It is amazing for me to look back and see how much he has grown and changed since he was born. He came into this world as an innocent and precious little child, unable to do anything but cry and look around. He didn't know anything about the world. A newborn baby is like cement-it is up to you to shape them. Everything you say to them will affect them. It is such a responsibility to have a tiny little child, a precious neshama, to take care of.
A baby is totally dependant on his parents to take care of him. And within one year, he learns so much. He learned to smile, babble, play with toys, crawl, eat real food, stand and so much more. There is so much that we can learn from little kids and especially from babies.
Shalom Baruch (or SB) is now learning how to walk. It is unbelievable to watch his determination while he is trying it out. He takes his walking toy and holds on to it while he takes a few steps and then...plop! He falls onto the floor. But does he start to cry and give up right there? Nope! He picks himself up, laughs and tries again. Step, step, step, step, plop! And again. He just never gives up. Incredible! Like it says, "Sheva yipol tzaddkik v'kom" - a tzaddik falls seven times and still gets up. No matter how many times he falls, he does not despair, he keeps strong and tries again. How many falls does it take until we say, "that's it, I'm done trying?" and give up? Let us look at this little tzaddik and follow in his teeny footsteps! Remember, the only way he'd learn to walk is by trying again. If he were to give up, even after the tenth time, he would never learn. The fact that he keeps on going no matter how many times he falls is what makes him succeed and soon he will be walking like a pro! But it all starts from getting up after that plop!
Looking back at this past year, there is so much growth and change that SB experienced. In the beginning it was week-by-week and then it was month-by-month. First he learned how to smile, then roll from his stomach to his back, then from his back to his stomach, then he started to grab toys, he learned how to giggle, he started to crawl, he got his first tooth, he would stand while holding on to the couch, chair, a toy (or my skirt!), then he started to leave go and stand on his own. He's already starting to talk and say little things, like "hi" or "baby." (I'm still trying to teach him how to say "mommy" but that's another story!) What is interesting is that by little kids, you see so much change happening from one year to the next. I can't even compare where he was when he was born a year ago to what he is up to now.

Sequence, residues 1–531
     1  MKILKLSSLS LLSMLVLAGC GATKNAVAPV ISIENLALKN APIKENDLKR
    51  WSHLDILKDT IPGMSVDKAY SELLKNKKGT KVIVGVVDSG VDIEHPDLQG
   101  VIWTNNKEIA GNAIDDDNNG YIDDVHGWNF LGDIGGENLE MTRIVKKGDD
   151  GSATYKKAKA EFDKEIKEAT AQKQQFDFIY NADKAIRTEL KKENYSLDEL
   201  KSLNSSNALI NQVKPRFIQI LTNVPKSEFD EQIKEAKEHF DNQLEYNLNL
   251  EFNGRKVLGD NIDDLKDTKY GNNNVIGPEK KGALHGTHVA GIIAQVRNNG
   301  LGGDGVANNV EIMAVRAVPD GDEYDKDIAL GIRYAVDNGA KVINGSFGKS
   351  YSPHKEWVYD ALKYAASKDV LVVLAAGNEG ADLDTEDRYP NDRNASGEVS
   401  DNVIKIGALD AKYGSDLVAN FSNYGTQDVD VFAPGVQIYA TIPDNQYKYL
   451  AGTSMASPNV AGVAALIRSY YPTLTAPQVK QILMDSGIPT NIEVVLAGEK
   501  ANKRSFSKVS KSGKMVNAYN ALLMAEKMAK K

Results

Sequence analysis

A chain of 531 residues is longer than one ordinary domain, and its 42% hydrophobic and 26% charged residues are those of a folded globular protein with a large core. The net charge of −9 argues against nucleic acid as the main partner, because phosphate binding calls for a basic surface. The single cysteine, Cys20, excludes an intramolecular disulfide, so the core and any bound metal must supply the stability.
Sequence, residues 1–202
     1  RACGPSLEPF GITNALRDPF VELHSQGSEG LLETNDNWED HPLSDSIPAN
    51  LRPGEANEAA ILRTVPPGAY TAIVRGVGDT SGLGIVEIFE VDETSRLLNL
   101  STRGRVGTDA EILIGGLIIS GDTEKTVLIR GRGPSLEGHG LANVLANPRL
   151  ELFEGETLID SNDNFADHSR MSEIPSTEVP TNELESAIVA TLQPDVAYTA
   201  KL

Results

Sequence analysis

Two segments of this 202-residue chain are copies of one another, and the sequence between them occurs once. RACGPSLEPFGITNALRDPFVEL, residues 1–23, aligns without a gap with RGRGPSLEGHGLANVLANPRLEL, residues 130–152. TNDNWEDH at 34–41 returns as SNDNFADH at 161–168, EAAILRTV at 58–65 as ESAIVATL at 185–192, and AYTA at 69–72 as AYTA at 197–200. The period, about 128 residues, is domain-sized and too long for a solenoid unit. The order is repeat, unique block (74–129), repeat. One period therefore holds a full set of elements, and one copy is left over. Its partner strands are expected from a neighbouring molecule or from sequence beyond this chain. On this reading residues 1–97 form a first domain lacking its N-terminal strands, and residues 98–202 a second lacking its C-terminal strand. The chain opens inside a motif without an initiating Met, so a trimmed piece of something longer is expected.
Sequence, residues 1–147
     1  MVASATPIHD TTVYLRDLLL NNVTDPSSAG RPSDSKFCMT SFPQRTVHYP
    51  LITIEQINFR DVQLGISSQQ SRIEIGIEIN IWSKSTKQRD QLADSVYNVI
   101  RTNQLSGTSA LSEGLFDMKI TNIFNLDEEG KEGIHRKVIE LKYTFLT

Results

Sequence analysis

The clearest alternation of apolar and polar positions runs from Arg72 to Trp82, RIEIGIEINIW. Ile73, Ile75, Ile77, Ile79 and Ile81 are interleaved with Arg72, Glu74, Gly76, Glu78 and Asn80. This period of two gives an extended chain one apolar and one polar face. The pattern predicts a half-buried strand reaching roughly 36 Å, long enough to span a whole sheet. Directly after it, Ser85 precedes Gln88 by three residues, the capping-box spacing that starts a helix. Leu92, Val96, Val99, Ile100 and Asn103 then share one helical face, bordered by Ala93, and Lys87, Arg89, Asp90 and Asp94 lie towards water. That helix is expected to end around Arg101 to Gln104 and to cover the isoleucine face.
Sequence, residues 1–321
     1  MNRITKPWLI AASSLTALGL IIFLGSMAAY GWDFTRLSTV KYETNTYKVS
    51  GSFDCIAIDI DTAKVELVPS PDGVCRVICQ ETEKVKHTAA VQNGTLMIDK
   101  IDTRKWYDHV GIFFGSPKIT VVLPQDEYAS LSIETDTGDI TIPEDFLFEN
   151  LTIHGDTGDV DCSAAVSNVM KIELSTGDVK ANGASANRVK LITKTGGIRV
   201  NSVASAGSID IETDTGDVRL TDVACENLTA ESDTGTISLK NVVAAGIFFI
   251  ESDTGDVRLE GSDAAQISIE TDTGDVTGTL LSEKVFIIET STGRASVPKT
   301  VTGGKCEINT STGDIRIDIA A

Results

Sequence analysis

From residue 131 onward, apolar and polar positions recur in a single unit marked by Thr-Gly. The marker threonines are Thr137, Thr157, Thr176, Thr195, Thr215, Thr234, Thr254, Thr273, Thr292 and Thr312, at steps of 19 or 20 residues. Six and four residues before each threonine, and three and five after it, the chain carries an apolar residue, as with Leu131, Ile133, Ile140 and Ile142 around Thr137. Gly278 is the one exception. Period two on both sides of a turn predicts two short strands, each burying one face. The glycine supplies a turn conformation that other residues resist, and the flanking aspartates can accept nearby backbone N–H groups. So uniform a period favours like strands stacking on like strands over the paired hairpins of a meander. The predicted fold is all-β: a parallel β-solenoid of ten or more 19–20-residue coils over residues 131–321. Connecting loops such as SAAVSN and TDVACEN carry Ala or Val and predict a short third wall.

And now you have to ask yoursef, how much do I change in a week? a month? a year? When you look back at where you were last year at this time and see where you are today, are you happy with what you see? What can you do to make sure that by the time you get to next year, you will be able to look back at this past year and say, "Wow, I feel so good about where I am now!"
I remember holding SB when he was still a newborn and looking into his pure little eyes while trying (unsuccessfully) to sing elokei neshama. The song I was singing had a very touching tune and I just could not get through the song without crying. It was so emotional to try to sing this song to such a pure little baby. I would think to myself, You are so young. So innocent. You don't know anything about the big world out there. And I wish you could stay this way. I was a baby like you too. We all started off this way. But what happened? What can I do to keep your innocence and purity so you always stay on the right path, always love Hashem and always want to do the right thing? And I was never able to get to the end of the song. I would sing and think along with the meaning of the words...tehorah hee-the neshama you placed inside of me is pure...v'ata meshamra b'kirbee-and you are watching it inside of me...v'ata asid litlah mimenee-and in the future you will take it away from me...u'lihachazira bee l'asid lavo-and at the end of time you will return it to me. Oh, Hashem, please let this child's neshama remain whole and pure and untainted. Let him live a full life...a happy life, a beautiful and fulfilling life. And I would cry and cry (if I even got to this part of the song). And Shalom Baruch would just look at me with his little eyes, blink, blink, blink and look around, unaware of my emotions.
We all started out this way!! Each and every one of us came into this world pure and without any aveiros. And while your neshama is still in your body remember that Hashem is watching over and protecting you at every moment of the day. Before you do something, before you read something, think for a second, "is this good for my neshama?" Will it bring me closer or farther away from Hashem?
Now that we are baruch Hashem approaching Shalom Baruch's very first birthday, there is so much more I want to say but just don't know how to say it. It is such a privelege and a big responsibility to be able to raise such an adorable little boy-who still is innocent and pure. I hope he is able to keep his purity for a long time and we are able to teach to do the right thing always.
We'll take brachos (and presents lol) anytime!